Home / Auto / Volkswagen T-Roc review: Smaller, lighter and more compact SUV

Volkswagen T-Roc review: Smaller, lighter and more compact SUV


That last model is most telling as the T-Roc is smaller, lighter and more compact. This is where VW reckons there’s huge SUV growth, with sales set to swell from today’s global 6.4 million to 10.6 million in a decade.

No wonder every car maker seems to be launching a small crossover. So, how does VW’s entrant stack up against rivals it cites such as the Audi Q2 and Mini Countryman? Very closely is the answer as price, equipment and engines are within a hair’s breadth of them.

You’ll note it doesn’t mention the Skoda Karoq, which shares VW underpinnings with the T-Roc. The reason is that the Skoda concentrates more on practicality and comfort.

Using the same base as the Skoda doesn’t mean sticking with the same set-up. After all, this is the root that gives life to models as diverse as the Skoda Superb, VW Golf and Audi Q2. VW has focused on making the car sportier than many rivals.

This small SUV will be Volkswagen’s third best seller in the UK

This also involves styling, which it calls “coupe-like”. You may need rose-tinted glasses to see that, but it is less boxy than others.

The T-Roc has a bolder exterior colour palette than most VWs. You can get two-tone options that give the roof and door mirrors a contrasting hue and there are 24 outside colour combinations.

The personalisation continues inside with colour options for dash and door trims. Decisions will be tempered by trim level.

The range starts with the SE that comes with alloy wheels, dual zone climate control, 8in colour touchscreen for infotainment and Car-Net that lets you access apps and info from your phone.

Volkswagen T-RocPH

Volkswagen T-Roc Prices: £18,950-£31,485

The design bolsters that with 17in alloy wheels, rear privacy glass and ambient lighting.

You also get a Driver Alert system so the car warns you if it thinks you’re getting tired. Topping out the range is the SEL with 18in alloys, LED lights front and back, sports front seats and satellite navigation.

With this trim, the 4Motion all-wheel drive versions gain active control with four driving modes for on-road, off-road, snow and an individual set-up you can configure to your preferences.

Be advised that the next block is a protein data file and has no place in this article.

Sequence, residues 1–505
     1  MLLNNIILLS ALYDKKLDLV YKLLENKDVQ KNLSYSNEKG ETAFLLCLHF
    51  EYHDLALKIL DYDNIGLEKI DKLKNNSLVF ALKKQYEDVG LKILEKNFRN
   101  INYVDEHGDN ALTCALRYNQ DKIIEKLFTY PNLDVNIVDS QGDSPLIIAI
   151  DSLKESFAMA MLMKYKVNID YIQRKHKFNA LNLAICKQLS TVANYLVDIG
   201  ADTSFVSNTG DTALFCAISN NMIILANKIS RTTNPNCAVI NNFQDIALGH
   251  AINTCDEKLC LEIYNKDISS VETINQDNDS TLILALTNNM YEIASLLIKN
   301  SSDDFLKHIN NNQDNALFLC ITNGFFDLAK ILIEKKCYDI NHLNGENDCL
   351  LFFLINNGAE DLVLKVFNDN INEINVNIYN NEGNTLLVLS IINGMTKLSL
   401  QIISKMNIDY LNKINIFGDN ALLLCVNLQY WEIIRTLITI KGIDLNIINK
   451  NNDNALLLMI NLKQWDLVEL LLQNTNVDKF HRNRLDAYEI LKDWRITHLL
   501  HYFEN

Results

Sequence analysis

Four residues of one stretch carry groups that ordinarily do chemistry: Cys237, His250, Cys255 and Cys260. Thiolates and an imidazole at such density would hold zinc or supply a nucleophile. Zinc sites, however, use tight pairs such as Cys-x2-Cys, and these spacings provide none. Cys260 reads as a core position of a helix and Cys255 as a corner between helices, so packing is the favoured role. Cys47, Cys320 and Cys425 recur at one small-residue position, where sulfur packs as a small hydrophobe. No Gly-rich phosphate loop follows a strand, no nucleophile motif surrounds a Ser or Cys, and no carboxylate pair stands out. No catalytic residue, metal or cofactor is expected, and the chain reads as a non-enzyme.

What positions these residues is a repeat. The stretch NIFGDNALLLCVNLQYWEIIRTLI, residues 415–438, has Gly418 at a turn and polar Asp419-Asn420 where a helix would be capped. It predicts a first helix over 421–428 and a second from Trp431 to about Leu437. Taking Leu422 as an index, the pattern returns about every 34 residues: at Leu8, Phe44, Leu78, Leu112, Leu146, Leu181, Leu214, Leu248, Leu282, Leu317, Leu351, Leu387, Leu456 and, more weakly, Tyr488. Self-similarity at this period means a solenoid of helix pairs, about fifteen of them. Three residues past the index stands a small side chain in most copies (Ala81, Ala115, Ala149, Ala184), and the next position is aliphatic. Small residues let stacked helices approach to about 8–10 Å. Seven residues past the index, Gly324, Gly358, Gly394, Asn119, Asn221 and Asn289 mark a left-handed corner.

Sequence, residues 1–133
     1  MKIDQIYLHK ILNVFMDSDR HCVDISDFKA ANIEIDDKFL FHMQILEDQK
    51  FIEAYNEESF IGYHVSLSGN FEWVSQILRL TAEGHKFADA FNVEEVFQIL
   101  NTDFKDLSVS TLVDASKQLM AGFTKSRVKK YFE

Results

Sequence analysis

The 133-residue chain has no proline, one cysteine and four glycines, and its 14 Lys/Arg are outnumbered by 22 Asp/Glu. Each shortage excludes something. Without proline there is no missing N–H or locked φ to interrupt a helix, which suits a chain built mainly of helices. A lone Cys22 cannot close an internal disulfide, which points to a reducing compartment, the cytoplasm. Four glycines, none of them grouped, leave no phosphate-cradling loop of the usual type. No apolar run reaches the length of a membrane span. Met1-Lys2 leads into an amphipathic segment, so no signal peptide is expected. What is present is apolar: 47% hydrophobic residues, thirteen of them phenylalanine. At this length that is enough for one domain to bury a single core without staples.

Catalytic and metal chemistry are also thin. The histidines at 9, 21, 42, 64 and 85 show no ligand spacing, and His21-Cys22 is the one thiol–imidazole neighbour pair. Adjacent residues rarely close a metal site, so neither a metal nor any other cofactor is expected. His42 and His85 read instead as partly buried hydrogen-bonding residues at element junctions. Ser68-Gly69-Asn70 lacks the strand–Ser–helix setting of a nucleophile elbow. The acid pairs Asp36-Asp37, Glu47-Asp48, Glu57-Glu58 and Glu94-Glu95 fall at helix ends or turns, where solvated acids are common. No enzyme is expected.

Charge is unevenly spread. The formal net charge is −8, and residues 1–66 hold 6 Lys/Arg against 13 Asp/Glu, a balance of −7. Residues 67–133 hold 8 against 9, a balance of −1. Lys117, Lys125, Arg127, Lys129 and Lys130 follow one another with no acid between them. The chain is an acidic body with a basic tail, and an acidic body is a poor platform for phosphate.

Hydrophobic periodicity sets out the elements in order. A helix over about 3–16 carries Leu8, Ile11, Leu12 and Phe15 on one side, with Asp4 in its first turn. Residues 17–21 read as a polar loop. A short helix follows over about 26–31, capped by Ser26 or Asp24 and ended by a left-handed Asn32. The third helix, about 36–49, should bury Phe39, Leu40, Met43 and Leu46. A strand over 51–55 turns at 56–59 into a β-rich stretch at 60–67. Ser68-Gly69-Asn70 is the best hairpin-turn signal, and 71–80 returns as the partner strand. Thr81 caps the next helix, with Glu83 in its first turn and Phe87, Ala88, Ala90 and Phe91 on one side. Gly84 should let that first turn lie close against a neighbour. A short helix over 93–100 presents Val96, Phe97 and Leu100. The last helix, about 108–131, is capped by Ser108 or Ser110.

Yet these electronic aids seem pointless. This is not a dirt-busting 4×4; it’s a car for the road and it does this well.

VW has yet to announce prices for the diesels, but the expected bestseller will be the 114bhp 1.0-litre TSI in SE trim that starts at £20,425.

There’s a choice of three petrol and two diesel engines, all turbocharged. The 1.5-litre petrol comes with 148bhp and is priced from £22,200.

This could be the better all-rounder if you spend time on motorways, while the 187bhp 2.0-litre petrol goes from £31,485 and is only offered in SEL spec with 4Motion all-wheel drive. 

The diesel engines come with identical power outputs as their petrol counterparts, so the 1.6 boasts 114bhp and the less potent 2.0-litre serves up 148bhp.

Volkswagen T-RocPH

Volkswagen T-Roc Power: 0 to 60mph in 7.2 seconds

Go for the 187bhp version and it also has four-wheel drive as standard. The mid-power diesel is a good balance between performance, refinement and economy.

There’s a little tell-tale diesel grumble at lower revs, but it picks up cleanly through the gears whether you choose the six-speed manual or DSG twin-clutch seven-speed automatic.

This engine offers a 0 to 60mph time of 8.4 seconds and 125mph top speed, while more considerate driving should see you close to the average fuel economy of 55.3mpg.

That’s identical to the 1.0-litre petrol, but emissions are 133g/km, so trail the petrol’s 116g/km.

Stepping into the petrol in its most powerful 187bhp guise shows a stark difference in performance, as you’d expect. It reaches 60mph in 7.2 seconds which is close to hot hatch territory, while flat out it reaches 135mph.

A lighter right foot offers an average of 42.1mpg at the pumps and produces 152g/km emissions.

More telling is that the petrol feels better suited to the T-Roc. It’s quieter, more eager and the DSG auto lets you slink through town or swap gears yourself when in the mood.

Volkswagen T-RocPH

Volkswagen T-Roc Fuel economy: 55.3mpg

Yet the VW doesn’t satisfy like a Mini Countryman on twisty roads due to inert steering.

The ride has a firmness that keeps body lean contained in corners and makes the car stable on the motorway. The payoff is some jiggling at lower speeds on town and country routes. Steering is light when parking and, being shorter than a Golf, makes it easy to park.

The 4in higher roof means a raised seating position and that helps in manoeuvring, though thick rear pillars make you glad of the all-round parking sensors that come with all versions.

That’s the T-Roc: in many ways better than the Mini, but also less engaging.

With so many rivals, it’s a small negative, one that’s unlikely to halt success in this ever-expanding class.

Volkswagen T-RocPH

Volkswagen T-Roc CO2 emissions: 116-152g/km

Logbook lowdown

Prices: £18,950-£31,485

Engines: Turbo-petrol – 1.0, 1.5, 2.0-litre; Turbo-diesel –1.6, 2.0, 2.0-litre 187bhp

Power: 0 to 60mph in 7.2 seconds, 135mph top speed (2.0 petrol)

Fuel economy: 55.3mpg (1.0)

CO2 emissions: 116-152g/km

Rivals: Mini Countryman, Audi Q2, Vauxhall Mokka

Rating: 8/10

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I'm a 50 year old PLC programmer from Burnley, UK. I severed my time as an electrician in the baking industry and soon got involved with the up and coming technology of PLC's. Initially this was all based in the Uk but as the years went by I have gradually worked my way around the globe. At first it was mainly Mitsubishi with a bit of Modicon thrown in but these days the industry leaders seem to be the Allen Bradley range of PLC and HMI’s.

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